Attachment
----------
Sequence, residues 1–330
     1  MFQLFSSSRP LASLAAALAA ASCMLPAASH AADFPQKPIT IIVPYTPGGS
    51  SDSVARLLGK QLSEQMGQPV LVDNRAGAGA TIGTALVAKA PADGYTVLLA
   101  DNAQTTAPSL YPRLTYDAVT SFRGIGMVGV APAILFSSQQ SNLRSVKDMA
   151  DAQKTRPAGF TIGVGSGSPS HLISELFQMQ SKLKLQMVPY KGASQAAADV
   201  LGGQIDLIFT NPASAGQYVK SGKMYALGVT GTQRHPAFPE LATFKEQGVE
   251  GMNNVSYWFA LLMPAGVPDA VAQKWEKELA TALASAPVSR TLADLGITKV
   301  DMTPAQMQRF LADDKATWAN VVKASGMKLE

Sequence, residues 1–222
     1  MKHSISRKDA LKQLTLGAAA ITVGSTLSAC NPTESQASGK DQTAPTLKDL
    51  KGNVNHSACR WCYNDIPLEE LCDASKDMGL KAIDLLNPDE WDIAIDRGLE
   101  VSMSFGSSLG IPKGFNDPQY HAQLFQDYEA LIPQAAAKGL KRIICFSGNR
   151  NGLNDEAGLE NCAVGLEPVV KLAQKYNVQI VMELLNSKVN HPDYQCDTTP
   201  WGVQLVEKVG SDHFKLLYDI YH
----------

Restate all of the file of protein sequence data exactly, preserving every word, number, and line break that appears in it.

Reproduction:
Sequence, residues 1–330
     1  MFQLFSSSRP LASLAAALAA ASCMLPAASH AADFPQKPIT IIVPYTPGGS
    51  SDSVARLLGK QLSEQMGQPV LVDNRAGAGA TIGTALVAKA PADGYTVLLA
   101  DNAQTTAPSL YPRLTYDAVT SFRGIGMVGV APAILFSSQQ SNLRSVKDMA
   151  DAQKTRPAGF TIGVGSGSPS HLISELFQMQ SKLKLQMVPY KGASQAAADV
   201  LGGQIDLIFT NPASAGQYVK SGKMYALGVT GTQRHPAFPE LATFKEQGVE
   251  GMNNVSYWFA LLMPAGVPDA VAQKWEKELA TALASAPVSR TLADLGITKV
   301  DMTPAQMQRF LADDKATWAN VVKASGMKLE

Sequence, residues 1–222
     1  MKHSISRKDA LKQLTLGAAA ITVGSTLSAC NPTESQASGK DQTAPTLKDL
    51  KGNVNHSACR WCYNDIPLEE LCDASKDMGL KAIDLLNPDE WDIAIDRGLE
   101  VSMSFGSSLG IPKGFNDPQY HAQLFQDYEA LIPQAAAKGL KRIICFSGNR
   151  NGLNDEAGLE NCAVGLEPVV KLAQKYNVQI VMELLNSKVN HPDYQCDTTP
   201  WGVQLVEKVG SDHFKLLYDI YH